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Icon of St. George (“The Black George”)
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The next few pages all show images of the Christian saint George slaying the dragon. These are just four of the many different versions of this image across the Museum.

This extraordinary icon was discovered in 1959 when it was being used as the shutter of a barn window. Subsequent cleaning by conservators revealed that it had been overpainted several times. Below an XVIII-century folk painting they uncovered a XVII-century layer and finally this outstanding XIV-century icon, which was immediately recognized as an early masterpiece of Russian painting.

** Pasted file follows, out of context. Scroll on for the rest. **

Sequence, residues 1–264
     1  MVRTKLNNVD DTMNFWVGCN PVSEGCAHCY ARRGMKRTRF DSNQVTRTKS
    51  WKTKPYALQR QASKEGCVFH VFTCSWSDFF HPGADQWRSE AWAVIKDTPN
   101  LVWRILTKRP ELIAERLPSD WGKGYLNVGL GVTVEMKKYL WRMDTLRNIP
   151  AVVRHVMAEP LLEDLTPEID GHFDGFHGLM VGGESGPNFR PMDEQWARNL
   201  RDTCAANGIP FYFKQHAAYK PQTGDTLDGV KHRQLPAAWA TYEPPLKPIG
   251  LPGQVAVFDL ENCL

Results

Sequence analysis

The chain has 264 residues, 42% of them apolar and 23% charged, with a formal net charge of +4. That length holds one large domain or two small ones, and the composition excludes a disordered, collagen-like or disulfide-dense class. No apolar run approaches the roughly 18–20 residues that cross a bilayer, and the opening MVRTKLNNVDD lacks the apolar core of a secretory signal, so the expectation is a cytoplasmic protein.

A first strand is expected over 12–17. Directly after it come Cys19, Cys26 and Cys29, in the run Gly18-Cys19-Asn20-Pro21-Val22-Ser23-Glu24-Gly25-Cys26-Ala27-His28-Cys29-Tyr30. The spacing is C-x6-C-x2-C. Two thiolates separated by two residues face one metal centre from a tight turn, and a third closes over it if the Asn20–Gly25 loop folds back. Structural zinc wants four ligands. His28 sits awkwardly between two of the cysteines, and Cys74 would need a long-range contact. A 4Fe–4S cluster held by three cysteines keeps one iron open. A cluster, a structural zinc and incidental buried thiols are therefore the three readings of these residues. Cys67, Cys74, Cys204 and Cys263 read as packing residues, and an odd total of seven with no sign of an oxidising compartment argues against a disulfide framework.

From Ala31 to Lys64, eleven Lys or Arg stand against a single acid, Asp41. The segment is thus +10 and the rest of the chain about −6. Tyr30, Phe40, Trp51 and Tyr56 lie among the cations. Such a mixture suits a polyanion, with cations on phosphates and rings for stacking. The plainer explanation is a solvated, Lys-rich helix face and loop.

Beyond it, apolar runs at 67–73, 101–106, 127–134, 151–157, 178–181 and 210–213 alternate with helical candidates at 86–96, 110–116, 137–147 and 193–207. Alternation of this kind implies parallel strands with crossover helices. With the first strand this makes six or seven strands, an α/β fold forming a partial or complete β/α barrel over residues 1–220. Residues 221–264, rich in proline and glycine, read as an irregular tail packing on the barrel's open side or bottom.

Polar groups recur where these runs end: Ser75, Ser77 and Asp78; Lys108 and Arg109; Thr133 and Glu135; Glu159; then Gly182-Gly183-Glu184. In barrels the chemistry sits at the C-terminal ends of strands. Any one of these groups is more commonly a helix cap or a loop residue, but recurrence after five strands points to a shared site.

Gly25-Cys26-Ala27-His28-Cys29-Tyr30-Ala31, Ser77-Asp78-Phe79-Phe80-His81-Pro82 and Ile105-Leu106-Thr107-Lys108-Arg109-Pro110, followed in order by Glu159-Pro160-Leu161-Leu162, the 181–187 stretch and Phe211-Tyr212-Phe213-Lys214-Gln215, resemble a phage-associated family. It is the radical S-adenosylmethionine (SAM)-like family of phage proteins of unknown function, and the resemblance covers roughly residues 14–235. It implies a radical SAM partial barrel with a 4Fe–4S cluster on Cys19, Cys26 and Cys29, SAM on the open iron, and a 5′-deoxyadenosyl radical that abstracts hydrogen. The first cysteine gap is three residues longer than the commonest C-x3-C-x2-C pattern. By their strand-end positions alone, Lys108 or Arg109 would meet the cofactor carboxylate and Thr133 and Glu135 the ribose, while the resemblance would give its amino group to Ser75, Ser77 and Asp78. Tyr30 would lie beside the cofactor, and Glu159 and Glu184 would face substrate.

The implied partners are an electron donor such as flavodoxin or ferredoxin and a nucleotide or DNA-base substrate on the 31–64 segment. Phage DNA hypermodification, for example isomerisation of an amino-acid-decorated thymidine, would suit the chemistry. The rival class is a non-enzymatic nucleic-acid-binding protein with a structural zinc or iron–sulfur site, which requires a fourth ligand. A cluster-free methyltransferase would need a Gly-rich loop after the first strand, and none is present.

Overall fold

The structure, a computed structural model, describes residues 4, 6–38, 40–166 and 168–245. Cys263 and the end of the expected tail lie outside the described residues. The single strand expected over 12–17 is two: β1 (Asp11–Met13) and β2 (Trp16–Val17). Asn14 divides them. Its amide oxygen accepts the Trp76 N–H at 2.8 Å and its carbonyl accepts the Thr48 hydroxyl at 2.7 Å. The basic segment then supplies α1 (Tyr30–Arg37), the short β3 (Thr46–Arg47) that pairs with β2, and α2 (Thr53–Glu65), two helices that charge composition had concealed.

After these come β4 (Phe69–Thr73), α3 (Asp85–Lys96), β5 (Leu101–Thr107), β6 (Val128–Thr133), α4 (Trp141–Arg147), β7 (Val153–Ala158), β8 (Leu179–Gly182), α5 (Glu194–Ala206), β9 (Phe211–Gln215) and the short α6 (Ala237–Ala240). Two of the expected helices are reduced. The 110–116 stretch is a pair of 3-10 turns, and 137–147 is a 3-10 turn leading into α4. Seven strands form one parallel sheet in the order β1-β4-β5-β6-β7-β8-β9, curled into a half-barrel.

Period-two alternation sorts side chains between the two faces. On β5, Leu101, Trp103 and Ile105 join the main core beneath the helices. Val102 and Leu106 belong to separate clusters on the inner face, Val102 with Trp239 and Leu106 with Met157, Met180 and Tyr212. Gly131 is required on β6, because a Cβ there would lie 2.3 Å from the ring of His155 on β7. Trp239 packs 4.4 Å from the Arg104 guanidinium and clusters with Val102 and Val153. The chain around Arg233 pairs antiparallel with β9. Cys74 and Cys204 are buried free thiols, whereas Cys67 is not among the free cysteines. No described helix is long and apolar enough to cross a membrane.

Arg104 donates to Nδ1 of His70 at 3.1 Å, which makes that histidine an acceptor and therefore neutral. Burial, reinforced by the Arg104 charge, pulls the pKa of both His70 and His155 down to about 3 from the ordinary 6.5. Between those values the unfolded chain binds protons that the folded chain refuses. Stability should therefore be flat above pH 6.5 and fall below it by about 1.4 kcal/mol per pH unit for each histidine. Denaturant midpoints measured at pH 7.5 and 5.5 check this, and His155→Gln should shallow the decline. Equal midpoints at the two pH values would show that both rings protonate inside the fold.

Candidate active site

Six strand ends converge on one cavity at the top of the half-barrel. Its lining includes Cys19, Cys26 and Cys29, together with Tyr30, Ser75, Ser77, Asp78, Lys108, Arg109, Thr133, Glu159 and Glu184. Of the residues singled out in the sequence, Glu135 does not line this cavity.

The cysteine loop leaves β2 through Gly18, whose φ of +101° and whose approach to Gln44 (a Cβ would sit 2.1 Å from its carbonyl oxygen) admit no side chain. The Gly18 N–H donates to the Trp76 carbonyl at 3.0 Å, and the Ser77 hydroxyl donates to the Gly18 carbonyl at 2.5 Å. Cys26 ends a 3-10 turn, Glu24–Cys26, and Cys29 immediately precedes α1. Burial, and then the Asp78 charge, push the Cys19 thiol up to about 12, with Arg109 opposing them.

The saint is painted in vigorous motion, captured at the moment of slaying the dragon. He stands in his stirrups, reining in his leaping horse, with his red cloak billowing behind. The representation of St. George on a black rather than white horse is extremely rare and accounts for the icon’s popular name, “The Black George”.

Icon of St. George (“The Black George”)


From the village of Pskov, northwestern Russia Byzantine, late XIV century AD.
Ht. 77 cm.



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